12.04.12

Israeli Settlement Mayor to France and Britain: Protests Don’t Matter

Back off, France and Britain. That’s what the mayor of Maale Adumim, the settlement at the heart of the West Bank construction controversy, says. He tells Dan Ephron why diplomatic protests don’t matter.

The mayor of Maale Adumim, the Israeli settlement at the center of the latest controversy over Jewish construction in the West Bank, has a message for France and Britain, two of the countries threatening diplomatic sanctions against Israel.

Your protests don’t matter.

Benny Kashriel told The Daily Beast that Europe and the United Nations were only encouraging Palestinian terrorism against Israel by criticizing settlement expansion in the West Bank.

He described as “brave” Prime Minister Benjamin Netanyahu’s decision to advance building projects in a key tract of land of the West Bank known as E1 and called on the Israeli leader to hang tough in the face of foreign pressure. 

E1 stretches between Maale Adumim and Jerusalem. Critics of the development plan say it will effectively bisect the West Bank, ruining the chances for Palestinians to one day have a contiguous state of their own.

“The Europeans were never with us in building in Judea and Samaria [the biblical term for the West Bank] and even the Americans were not satisfied about building here. But we built in Judea and Samaria,” Kashriel said in his office at Maale Adumim, one of the largest Jewish settlements in the West Bank.

“So with all the respect to the European countries … they know that we will continue to build here because we have our needs.”

Critics of Israel’s settlement policy say even if roads were built to accommodate the Palestinians, contiguity would be severed.

After the U.N. General Assembly voted to upgrade the membership of Palestinians at the world body, Israel announced last week its plans to build thousands of new homes in West Bank settlements and conduct preliminary planning and zoning work in E1. 

Israel views the upgrade decision, which essentially recognizes the Palestinian right to all of the West Bank and Gaza, as a violation of its previous agreements with the Palestinians. The deals include a pledge by both sides not to act unilaterally to change the status of the West Bank.

But much of the world considers Israel’s countermove as substantially more provocative. The Obama administration called the decision regarding E1 unhelpful and pressed Israel to rescind it. France and Britain summoned the Israeli ambassadors for discussions.  

Maale Adumim is one of the largest settlements in the West Bank and one of the most populated, with 40,000 residents. Its municipal boundaries encompass some 51 square kilometers of West Bank land, roughly the same area as Tel Aviv—where the population is 10 times greater. 

And yet, Kashriel, who has been the mayor since 1992, said the city needs to expand into E1 in order to accommodate the “natural growth” of its population. He said much of the land that falls within the city lines is mountainous and cannot be used for building.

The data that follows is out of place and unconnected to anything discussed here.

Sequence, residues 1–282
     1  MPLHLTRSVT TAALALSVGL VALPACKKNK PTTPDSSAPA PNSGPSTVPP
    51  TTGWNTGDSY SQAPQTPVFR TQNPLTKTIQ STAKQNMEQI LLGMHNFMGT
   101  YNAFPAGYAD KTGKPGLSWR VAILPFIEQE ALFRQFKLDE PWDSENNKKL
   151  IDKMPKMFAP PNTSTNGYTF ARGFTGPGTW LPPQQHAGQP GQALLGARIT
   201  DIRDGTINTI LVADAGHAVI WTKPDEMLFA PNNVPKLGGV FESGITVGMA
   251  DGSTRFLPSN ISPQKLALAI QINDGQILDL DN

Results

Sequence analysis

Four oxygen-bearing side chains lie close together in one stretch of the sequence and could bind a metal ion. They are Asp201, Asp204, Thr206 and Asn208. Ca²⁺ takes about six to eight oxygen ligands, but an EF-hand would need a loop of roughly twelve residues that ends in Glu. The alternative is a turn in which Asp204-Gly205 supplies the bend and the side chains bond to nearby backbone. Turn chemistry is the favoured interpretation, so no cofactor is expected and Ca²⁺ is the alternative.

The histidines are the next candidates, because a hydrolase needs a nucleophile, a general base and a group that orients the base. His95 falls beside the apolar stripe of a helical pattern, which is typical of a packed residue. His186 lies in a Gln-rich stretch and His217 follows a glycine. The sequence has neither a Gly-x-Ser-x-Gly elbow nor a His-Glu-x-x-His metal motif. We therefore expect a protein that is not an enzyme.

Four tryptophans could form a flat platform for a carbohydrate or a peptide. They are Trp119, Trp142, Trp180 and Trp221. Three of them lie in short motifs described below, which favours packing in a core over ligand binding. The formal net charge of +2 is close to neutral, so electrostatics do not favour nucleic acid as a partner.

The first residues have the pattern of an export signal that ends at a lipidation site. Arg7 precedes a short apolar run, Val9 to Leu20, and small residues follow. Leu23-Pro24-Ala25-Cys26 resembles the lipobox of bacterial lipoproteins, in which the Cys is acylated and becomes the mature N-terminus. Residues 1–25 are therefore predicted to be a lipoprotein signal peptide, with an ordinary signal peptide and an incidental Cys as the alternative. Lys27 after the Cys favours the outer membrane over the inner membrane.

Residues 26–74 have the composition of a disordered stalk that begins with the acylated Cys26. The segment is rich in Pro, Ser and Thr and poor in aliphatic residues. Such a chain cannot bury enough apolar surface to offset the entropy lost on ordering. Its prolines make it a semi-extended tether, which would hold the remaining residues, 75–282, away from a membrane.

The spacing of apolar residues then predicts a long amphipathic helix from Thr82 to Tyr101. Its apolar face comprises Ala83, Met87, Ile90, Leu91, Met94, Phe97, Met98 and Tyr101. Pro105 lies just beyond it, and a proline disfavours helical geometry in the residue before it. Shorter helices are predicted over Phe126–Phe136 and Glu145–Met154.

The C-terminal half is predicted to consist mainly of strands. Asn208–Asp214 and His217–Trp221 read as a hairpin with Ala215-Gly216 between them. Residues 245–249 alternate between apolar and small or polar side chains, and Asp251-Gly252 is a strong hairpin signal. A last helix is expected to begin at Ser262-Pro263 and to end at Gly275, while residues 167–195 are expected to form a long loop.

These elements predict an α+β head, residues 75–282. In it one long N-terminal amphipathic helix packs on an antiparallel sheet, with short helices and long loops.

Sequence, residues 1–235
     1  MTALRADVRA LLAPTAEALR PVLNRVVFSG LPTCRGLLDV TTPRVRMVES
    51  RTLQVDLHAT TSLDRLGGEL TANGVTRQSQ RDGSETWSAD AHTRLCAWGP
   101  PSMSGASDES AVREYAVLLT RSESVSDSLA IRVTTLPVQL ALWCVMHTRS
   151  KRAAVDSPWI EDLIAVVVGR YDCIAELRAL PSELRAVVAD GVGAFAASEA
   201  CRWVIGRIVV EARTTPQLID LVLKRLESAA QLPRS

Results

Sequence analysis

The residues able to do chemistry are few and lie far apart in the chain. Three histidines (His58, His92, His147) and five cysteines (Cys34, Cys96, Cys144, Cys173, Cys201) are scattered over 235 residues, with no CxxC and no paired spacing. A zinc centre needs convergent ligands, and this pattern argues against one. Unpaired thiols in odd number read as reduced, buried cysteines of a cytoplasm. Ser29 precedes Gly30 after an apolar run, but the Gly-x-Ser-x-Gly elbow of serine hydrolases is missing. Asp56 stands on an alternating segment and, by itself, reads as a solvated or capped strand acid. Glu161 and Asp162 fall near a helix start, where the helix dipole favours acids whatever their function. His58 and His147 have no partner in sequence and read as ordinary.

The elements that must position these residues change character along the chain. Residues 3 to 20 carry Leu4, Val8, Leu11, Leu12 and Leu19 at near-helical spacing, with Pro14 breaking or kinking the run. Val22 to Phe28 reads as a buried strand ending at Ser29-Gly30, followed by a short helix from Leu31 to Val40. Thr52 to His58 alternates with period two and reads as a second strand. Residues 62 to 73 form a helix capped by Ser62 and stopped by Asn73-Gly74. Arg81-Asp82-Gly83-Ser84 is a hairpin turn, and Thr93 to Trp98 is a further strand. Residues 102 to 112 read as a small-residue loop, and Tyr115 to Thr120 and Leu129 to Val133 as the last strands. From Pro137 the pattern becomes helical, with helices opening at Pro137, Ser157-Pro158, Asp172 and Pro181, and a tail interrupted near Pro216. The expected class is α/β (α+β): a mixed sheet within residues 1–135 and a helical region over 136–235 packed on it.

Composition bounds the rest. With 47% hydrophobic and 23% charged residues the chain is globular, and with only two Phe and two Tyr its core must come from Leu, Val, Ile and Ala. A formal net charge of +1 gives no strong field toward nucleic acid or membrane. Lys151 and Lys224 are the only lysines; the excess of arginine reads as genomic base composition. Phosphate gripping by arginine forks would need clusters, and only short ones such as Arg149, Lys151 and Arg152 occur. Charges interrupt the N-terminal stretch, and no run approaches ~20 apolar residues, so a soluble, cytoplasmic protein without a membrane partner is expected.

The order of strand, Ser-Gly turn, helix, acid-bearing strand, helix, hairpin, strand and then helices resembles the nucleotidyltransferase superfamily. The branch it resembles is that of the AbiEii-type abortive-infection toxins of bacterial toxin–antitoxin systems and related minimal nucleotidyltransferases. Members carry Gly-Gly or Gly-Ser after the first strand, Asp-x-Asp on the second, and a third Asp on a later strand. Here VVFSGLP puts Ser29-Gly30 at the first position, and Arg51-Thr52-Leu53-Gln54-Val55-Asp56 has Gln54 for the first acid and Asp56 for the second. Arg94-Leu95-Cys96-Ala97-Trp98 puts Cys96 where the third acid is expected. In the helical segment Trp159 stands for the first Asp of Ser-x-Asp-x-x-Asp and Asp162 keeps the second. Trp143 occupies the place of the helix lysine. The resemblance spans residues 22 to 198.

“I think that those acts that the Europeans and the United Nations do will bring terrorism here. Because when they’re doing this, they’re delegitimizing us, and they are … encouraging the Hamas,” he said, referring to the Palestinian Islamic group.

A huge topographical map of Maale Adumim, including E1, stretched across a wall of his office from floor to ceiling. Occasionally during the interview, he used a laser pointer from his desk to highlight areas on the map.

Kashriel denied that construction in E1 would cut the West Bank in two. He pointed to two corridors, one to the east of Maale Adumim and one to the west, that Palestinians could use to travel from cities in the northern West Bank to those in the south.

But critics of Israel’s settlement policy say even if roads were built to accommodate the Palestinians, contiguity would be severed.

“These arrangements, which would involve enormous expense and damage to the landscape, would create only ‘transportational connectivity’—distinct communities with no real connection except via roads,” wrote the dovish Peace Now group in a report on E1

“Such a situation is different from "territorial contiguity," which implies a continuous area in which Palestinian life—commerce, economy, education, health services, political activity, etc.—can function and flow normally, and hopefully flourish.”

Israel captured the West Bank from Jordan in the 1967 war and has settled Jews there in significant numbers since the 1970s. Some 550,000 Israeli now live in the area, alongside 2.6 million Palestinians.

Maale Adumim, about a 10-minute drive from Jerusalem, was established in 1982. Many of its residents are what Israelis call “quality-of-life settlers”—drawn to the suburban lifestyle of the town and the lower cost of living, and not motivated by the “greater Israel” ideology that’s prevalent in smaller settlements. 

Those ideological settlements tend to be more outlying—sometimes a few scattered trailer homes on a hilltop. But Maale Adumim has the trappings of an established American suburb: speed bumps and traffic circles, a country club, an indoor shopping center, parks with jungle gyms, a bowling alley and two gas stations.

In negotiations with the Palestinians, even more centrist governments have insisted that Israel retain Maale Adumim under any peace agreement—possibly in exchange for sovereign Israeli territory that would be ceded to the Palestinians.

Successive Israeli leaders have promised to advance construction in E1 but have buckled under American pressure. 

Kashriel said he was only about “30 or 40 percent certain” that Netanyahu, who faces a national election in January, would stick to the decision and actually build homes there.  

“I don’t think that our government has to be afraid of this,” he said.